Building on research conducted at the University of California-Davis, a Seattle firm is developing cotton textiles that are treated with an antimicrobial compound that purportedly kills pathogens and viruses, and even wipes out odor-causing bacteria.
Meanwhile, researchers at Binghamton University in New York say they have developed a process that uses ink to conduct electricity, so circuits can be printed on fabric as easily as a newspaper prints yesterday's news. The beauty of this project is the possibility of having clothes that can heat, or cool, the wearer just by flipping a switch.
Of course, some of the research in this area is pretty far out. A number of folks are hoping to create fabrics coated with silicon nanowires. That could make it possible for clothing to offer an optical display, like a sunny beach scene in the dead of winter.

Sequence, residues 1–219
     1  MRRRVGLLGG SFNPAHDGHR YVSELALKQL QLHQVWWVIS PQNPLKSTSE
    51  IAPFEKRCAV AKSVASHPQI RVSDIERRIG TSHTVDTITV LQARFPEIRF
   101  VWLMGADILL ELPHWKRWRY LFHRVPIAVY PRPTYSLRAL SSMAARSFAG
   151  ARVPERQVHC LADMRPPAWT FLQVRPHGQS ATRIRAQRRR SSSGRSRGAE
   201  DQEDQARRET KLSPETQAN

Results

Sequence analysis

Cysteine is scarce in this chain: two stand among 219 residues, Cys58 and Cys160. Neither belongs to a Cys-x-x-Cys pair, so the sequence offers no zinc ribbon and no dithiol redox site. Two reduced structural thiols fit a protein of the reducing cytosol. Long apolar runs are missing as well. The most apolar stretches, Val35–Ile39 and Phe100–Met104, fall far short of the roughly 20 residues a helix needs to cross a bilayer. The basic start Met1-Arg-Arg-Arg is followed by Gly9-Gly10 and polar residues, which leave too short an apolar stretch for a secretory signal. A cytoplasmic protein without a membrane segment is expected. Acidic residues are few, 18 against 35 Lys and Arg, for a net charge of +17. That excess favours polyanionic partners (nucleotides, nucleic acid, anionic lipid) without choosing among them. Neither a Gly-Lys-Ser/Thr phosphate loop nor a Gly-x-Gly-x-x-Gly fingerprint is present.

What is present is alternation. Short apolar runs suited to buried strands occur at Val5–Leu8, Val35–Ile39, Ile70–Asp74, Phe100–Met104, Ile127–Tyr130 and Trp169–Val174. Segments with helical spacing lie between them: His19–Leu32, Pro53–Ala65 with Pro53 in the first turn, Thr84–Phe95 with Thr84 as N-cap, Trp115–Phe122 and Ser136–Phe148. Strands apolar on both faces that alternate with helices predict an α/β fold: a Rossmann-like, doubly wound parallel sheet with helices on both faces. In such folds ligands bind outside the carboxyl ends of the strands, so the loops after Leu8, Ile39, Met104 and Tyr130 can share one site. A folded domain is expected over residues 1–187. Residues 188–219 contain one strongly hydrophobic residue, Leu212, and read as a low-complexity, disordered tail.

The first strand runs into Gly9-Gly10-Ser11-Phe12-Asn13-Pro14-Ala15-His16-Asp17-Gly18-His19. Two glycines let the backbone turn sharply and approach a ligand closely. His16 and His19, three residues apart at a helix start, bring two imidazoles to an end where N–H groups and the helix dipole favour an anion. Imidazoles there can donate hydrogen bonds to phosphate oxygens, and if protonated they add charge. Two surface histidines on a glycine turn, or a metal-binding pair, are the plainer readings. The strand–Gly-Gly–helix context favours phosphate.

A more practical application is data presentation on the surface of a contact lens, perhaps reminding the wearer not to yammer on the cell phone while driving the car.
Still others are trying to incorporate sensors in clothes that will generate electricity based on the movements of the wearer, thus charging the cell phone, or the other electronic gizmos that we can't get along without these days.
All this may be a bit mind boggling, considering that just a short time ago all we really needed was basic black.